There is a compelling sign that the growing American deficit is taking its toll on our image both here and abroad.
The Walt Disney Co. is beating the United States when it comes to investment rating.
Using a measure of risk for protecting credit investment, the Mouse House is viewed as a better credit bet than the U.S. Treasury.
The credit default swap (CDS) “spread” is a fee that is tacked on in order to ensure that the face value of a loan instrument is paid by an insurer/third party in the event of a default.
The term "swap" is used because the insurer/third-party receives the defaulted loan and collection rights to the debt.
Variety reports that Strategas Research Partners set higher CDS spreads for the five-year U.S. Treasury note than it did for Disney debt instruments.
In other words, if an investor seeks protection for a U.S. government default, the price of the protection would be more expensive than that charged for identical coverage for a Disney default.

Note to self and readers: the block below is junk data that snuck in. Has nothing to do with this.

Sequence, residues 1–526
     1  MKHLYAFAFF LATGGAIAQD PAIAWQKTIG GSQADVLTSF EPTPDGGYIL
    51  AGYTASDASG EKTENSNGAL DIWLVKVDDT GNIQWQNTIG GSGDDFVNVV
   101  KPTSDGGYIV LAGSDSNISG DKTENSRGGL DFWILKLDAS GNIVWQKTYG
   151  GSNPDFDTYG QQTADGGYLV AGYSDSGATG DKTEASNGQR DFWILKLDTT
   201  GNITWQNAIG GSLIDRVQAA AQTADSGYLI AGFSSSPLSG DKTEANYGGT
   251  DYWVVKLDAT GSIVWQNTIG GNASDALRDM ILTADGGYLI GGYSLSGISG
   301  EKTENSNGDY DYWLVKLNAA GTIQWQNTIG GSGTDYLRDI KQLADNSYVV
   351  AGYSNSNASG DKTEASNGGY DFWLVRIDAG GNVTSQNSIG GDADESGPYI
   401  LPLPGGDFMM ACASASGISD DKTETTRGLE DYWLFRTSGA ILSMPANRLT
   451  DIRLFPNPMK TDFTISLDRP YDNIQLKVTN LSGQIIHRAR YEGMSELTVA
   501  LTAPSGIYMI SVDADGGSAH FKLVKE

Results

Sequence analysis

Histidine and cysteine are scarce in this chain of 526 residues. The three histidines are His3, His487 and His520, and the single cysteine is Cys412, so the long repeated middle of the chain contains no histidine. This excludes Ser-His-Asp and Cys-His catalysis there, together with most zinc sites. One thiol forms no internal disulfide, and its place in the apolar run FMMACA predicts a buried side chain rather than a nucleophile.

CDS protection on the five-year Treasury note would receive a charge of 51.25 basis points (0.5125 percent) of the loan value per year, while CDS default protection for Disney would cost 48.2 basis points (0.482 percent) of the value of the loan each year.
In the event that Disney or the United States defaulted during the term of the CDS, the buyer of the default protection would collect the face value of the loan.
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